The Secret History of the Iraq War
By Yossef Bodansky
Publisher: HarperCollins; Reprint edition 2005 576 Pages
PNG 42 MB
Had it not been for the bravery, commitment, professionalism, and resilience of America's fighting forces, the United States would have suffered an embarrassing debacle in its war against Saddam Hussein's regime. His Iraq was a developing country emaciated by a previous destructive war, a decade of debilitating sanctions, and popular discontent. This kind of war, which found a uniquely mighty superpower embroiled in the Middle Eastern quicksand, need not have happened.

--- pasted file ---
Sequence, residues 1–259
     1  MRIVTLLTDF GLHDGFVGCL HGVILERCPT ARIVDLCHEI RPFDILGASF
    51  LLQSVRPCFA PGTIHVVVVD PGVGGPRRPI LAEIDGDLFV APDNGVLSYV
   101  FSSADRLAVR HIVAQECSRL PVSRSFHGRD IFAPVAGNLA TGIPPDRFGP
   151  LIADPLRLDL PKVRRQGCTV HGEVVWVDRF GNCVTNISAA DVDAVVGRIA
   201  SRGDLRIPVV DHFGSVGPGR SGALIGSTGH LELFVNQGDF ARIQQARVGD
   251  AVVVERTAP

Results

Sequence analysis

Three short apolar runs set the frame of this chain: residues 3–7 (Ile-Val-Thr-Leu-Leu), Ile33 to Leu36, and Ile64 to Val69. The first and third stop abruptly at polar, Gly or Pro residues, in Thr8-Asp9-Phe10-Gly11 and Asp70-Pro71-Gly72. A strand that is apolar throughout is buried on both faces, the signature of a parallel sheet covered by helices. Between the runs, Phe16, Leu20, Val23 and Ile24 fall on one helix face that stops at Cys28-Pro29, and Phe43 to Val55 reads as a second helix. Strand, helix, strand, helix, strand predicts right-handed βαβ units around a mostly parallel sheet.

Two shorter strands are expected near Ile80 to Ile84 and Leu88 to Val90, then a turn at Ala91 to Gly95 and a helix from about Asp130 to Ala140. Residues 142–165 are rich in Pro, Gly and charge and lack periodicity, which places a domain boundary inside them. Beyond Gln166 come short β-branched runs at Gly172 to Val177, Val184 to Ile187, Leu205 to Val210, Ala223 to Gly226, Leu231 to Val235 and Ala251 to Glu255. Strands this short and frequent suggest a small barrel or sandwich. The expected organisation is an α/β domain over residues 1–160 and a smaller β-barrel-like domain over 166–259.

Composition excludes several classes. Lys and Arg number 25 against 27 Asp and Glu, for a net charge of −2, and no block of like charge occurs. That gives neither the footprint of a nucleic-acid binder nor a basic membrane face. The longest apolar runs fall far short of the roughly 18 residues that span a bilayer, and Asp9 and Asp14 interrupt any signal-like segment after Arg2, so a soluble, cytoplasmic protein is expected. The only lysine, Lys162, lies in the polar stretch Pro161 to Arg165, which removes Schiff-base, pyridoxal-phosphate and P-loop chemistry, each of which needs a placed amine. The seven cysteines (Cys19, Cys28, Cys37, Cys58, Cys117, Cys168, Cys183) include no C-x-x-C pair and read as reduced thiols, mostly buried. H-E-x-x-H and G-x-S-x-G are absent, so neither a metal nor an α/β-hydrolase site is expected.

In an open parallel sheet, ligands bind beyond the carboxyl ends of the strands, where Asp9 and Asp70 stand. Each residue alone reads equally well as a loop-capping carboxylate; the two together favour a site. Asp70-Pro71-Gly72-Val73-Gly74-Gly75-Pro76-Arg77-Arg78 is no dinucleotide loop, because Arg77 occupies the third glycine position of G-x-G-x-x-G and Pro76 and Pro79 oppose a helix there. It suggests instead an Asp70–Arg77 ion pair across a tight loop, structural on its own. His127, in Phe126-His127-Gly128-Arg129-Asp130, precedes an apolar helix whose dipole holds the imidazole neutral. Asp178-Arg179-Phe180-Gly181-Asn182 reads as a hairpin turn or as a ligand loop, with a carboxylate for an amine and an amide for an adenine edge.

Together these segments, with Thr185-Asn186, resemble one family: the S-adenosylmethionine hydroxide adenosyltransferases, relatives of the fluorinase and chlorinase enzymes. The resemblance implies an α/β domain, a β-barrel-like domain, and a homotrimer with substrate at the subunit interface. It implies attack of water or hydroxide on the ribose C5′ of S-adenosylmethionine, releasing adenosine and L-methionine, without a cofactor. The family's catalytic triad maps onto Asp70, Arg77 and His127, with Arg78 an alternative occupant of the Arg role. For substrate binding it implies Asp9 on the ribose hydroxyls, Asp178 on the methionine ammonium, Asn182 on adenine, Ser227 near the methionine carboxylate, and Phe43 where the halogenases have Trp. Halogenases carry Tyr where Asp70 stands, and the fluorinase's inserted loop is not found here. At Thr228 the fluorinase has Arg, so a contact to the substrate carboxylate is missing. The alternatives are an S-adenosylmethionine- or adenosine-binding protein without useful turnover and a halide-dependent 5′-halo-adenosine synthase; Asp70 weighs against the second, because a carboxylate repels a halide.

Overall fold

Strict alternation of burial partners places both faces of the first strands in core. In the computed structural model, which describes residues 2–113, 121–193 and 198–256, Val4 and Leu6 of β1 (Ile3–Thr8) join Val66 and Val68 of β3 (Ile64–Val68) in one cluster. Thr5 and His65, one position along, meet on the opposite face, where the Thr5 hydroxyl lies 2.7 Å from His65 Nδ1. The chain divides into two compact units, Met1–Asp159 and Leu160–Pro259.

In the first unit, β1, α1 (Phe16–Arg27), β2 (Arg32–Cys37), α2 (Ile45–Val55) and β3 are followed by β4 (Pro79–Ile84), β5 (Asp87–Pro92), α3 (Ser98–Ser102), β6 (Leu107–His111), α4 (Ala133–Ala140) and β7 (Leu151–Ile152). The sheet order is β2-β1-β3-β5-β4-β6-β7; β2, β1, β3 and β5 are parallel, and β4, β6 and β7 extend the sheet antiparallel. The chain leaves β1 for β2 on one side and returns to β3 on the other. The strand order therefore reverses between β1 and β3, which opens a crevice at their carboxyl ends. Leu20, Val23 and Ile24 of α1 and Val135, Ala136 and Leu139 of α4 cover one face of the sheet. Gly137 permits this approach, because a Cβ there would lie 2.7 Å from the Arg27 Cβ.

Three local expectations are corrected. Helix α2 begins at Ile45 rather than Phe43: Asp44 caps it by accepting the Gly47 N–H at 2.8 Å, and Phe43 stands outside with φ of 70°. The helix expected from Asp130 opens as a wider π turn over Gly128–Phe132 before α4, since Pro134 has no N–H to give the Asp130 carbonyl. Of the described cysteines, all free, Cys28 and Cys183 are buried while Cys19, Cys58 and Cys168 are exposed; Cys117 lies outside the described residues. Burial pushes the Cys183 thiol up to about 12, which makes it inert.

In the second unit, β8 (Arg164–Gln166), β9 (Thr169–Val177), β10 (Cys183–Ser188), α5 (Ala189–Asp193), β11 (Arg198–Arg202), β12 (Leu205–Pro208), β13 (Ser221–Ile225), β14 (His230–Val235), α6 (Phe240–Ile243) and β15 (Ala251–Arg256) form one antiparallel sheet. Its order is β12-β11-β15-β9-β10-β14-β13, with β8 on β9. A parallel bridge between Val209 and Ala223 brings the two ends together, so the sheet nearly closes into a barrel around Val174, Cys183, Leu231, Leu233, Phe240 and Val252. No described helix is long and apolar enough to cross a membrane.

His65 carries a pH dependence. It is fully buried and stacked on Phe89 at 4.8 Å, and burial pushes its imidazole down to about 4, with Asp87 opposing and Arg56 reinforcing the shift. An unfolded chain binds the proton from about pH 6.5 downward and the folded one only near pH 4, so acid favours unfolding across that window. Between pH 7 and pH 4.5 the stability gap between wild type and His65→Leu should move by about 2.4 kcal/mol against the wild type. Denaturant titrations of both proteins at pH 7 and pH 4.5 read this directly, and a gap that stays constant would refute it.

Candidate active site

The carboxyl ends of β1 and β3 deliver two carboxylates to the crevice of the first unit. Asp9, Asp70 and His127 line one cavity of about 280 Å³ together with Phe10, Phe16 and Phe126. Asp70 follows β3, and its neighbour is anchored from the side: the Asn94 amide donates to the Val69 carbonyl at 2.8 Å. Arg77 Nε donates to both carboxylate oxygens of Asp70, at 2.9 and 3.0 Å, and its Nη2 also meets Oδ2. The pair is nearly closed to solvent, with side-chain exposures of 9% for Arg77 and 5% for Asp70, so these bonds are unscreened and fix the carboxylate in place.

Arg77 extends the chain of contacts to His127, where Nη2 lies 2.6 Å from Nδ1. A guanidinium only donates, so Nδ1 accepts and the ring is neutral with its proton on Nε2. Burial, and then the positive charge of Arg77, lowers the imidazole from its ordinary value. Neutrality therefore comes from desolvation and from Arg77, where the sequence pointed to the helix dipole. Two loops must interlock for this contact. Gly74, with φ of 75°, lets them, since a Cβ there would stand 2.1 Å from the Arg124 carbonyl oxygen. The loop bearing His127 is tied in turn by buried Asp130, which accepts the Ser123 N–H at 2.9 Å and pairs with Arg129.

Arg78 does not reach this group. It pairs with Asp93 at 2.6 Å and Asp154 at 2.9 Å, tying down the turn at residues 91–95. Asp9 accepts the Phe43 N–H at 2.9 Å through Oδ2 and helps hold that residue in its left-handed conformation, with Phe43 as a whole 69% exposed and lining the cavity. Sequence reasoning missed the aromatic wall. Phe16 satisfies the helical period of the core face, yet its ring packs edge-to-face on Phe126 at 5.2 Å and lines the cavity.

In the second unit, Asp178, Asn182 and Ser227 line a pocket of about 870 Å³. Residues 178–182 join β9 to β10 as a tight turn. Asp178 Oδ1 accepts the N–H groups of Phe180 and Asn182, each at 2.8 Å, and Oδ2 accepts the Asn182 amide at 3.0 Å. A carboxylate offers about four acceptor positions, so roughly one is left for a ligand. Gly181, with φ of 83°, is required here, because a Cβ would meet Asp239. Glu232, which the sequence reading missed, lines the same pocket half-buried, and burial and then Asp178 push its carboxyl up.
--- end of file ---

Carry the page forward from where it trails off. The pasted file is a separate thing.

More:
There is no doubt that America had a viable, urgent imperative to go to war against Iraq when it did. The primary reason was the ongoing cooperation between Saddam Hussein's intelligence services and Osama bin Laden's terrorists, which began in earnest in the early 1990s when the ji-hadist forces in Somalia, under the command of Ayman al-Zawahiri, received extensive military assistance from the Iraqis via Sudan. That alliance was solidified in 1998-99, as Saddam and bin Laden realized that they needed each other's resources in order to confront the United States. Moreover, Iraq (working in conjunction with Yasser Arafat) had resolved to throw the Middle East into chaos—a move that threatened to imperil the vital interests of America and its allies. The war Saddam Hussein contemplated, which included the use of weapons of mass destruction, would have caused inestimable damage to the global economy by disrupting energy supplies from the Persian Gulf.